man with large coin: this week in modern softwareWhy you should care: Malik’s piece rings both accurate and unsettling. If technology is really a “winner-takes-all world,” as Malik writes, that could spell problems for most people who create and innovate in Silicon Valley. More broadly, if the competition’s over before a business or industry category has even come close to maturity, what does that mean for the customers of these winners? (Economics would suggest there’s not a lot of long-term upside for Joe and Jane Consumer in this scenario.) What’s striking is that, the “analog” business world often doesn’t reflect this king of the mountain phenomenon: As Malik points out, Coke has Pepsi, Toyota has Honda, and so on, from grocery chains to airlines to banks and beyond. Online, however, you don’t search for something—you Google it. Talk about income inequality: In spite of the democratizing power of the Internet, it seems that only a relatively few tech companies will ultimately be successful.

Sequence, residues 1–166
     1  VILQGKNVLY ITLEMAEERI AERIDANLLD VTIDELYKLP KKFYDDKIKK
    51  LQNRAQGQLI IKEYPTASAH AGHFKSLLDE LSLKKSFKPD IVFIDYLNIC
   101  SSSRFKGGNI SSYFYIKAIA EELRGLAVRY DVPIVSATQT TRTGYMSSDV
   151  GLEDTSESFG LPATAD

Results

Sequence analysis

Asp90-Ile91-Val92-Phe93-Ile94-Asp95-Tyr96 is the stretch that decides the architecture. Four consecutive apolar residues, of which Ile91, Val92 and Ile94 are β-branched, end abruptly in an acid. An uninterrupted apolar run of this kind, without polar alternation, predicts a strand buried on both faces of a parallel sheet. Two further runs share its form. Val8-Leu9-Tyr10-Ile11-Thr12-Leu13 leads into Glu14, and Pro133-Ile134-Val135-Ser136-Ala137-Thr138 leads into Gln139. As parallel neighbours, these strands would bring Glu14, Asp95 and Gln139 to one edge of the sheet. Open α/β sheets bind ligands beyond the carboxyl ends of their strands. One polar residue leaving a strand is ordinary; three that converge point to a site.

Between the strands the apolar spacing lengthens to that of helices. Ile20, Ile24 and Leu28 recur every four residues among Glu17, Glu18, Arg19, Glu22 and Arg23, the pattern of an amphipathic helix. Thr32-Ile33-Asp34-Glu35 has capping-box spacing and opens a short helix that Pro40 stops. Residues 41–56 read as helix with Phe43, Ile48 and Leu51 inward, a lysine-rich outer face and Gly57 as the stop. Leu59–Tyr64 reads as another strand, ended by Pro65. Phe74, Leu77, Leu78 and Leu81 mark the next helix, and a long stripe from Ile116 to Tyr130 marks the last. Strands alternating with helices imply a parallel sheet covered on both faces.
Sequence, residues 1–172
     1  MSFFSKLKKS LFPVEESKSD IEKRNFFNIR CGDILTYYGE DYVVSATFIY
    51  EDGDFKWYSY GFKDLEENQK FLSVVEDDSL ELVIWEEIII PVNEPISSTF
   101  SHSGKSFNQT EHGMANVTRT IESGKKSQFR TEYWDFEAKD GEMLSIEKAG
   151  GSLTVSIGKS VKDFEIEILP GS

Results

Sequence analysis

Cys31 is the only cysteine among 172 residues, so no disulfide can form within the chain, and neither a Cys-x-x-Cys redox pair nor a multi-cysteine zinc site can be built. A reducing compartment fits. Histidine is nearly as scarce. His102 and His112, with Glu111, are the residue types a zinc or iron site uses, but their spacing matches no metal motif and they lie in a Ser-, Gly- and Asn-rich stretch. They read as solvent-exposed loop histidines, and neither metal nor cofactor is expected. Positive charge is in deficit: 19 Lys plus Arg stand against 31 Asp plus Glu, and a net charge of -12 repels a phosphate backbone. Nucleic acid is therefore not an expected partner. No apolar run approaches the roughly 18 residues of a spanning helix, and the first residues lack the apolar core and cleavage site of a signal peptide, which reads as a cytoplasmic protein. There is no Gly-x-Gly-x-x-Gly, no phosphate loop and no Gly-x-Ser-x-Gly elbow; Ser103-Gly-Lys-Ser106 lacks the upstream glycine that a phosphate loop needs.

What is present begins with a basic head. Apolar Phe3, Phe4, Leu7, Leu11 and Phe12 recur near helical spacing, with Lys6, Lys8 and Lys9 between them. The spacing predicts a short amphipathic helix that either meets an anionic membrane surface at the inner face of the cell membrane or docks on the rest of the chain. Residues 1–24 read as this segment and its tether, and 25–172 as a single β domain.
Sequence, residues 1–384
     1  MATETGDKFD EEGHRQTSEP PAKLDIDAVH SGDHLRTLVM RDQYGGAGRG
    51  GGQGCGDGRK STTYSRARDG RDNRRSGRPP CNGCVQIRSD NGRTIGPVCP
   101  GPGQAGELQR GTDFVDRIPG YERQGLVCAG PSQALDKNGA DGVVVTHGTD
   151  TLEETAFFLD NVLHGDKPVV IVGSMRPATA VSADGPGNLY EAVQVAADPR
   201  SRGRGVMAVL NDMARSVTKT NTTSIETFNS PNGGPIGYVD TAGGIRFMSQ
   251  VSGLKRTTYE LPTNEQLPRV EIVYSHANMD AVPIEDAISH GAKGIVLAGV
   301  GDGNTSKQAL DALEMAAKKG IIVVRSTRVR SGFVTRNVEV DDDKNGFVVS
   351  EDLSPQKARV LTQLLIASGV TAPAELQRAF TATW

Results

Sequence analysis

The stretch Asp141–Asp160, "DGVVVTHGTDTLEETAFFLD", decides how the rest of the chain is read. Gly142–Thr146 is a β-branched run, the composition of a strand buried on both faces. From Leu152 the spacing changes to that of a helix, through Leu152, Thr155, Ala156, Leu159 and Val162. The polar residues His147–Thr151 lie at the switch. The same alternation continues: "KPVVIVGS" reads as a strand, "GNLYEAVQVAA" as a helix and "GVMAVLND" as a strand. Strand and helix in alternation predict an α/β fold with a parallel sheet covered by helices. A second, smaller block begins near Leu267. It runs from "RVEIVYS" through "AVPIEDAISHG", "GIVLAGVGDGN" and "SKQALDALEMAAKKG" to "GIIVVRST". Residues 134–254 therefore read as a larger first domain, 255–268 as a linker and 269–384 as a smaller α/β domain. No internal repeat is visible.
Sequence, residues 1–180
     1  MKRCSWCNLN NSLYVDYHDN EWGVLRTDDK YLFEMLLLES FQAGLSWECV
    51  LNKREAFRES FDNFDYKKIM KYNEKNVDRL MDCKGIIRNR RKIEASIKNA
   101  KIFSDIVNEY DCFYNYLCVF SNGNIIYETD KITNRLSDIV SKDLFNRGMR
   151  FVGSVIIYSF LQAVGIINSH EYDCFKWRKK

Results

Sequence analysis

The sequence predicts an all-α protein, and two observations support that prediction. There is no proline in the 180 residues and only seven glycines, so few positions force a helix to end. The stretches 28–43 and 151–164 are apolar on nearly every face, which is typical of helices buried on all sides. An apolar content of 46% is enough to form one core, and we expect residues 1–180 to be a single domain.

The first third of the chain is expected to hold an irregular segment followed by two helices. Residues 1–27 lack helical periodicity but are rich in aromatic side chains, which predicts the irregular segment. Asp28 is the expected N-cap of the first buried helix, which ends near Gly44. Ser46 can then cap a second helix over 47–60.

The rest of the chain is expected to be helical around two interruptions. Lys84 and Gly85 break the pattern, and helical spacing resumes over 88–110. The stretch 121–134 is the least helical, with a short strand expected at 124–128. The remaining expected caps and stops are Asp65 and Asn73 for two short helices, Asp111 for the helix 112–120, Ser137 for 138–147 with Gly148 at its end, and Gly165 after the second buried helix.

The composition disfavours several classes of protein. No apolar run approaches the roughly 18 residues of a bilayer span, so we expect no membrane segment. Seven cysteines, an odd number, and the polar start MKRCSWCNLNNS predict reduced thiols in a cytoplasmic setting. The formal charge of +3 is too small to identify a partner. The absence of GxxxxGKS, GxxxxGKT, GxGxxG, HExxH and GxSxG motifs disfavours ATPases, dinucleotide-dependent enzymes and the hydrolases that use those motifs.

Further reading:

 

The Biggest Security Threats We’ll Face in 2016WIRED

What it’s about: It’s 2016—we’ve figured out that whole information security thing, right? Uh, no. WIRED and Fast Company, among others, each highlight the online threats most likely to plague our digital world this year. Most of the security risks ultimately boil down to the growing value of our data, especially in an increasingly connected world. WIRED, for instance, says extortion hacks—think Sony or Ashley Madison—will rise, as hackers look to profit off sensitive information that organizations and everyday people don’t want made public. But watch out for a new form of data malfeasance: “attacks that change or manipulate data.” Citing James Clapper, director of national intelligence, WIRED’s Kim Zetter notes these attacks invade systems not to steal data or money, but to undermine the integrity of that data and the systems they power. Meanwhile, Ondřej Vlček, COO of security software firm Avast, tells Fast Company that the bad guys are, like the rest of us, now addicted to mobile devices: Smartphones are on their way to surpassing desktops as the target of choice for malware and other threats.

Why you should care: For individuals and organizations alike, it’s important to stay on top of the evolving threat landscape: You can’t manage risks if you don’t know what they are. At the organizational level, it’s critical to encourage a culture where security is everyone’s responsibility, regardless of job title. That’s true from the application code level to the network to basic security hygiene. We might never be truly “secure” online, but can we at least swear off weak passwords once and for all?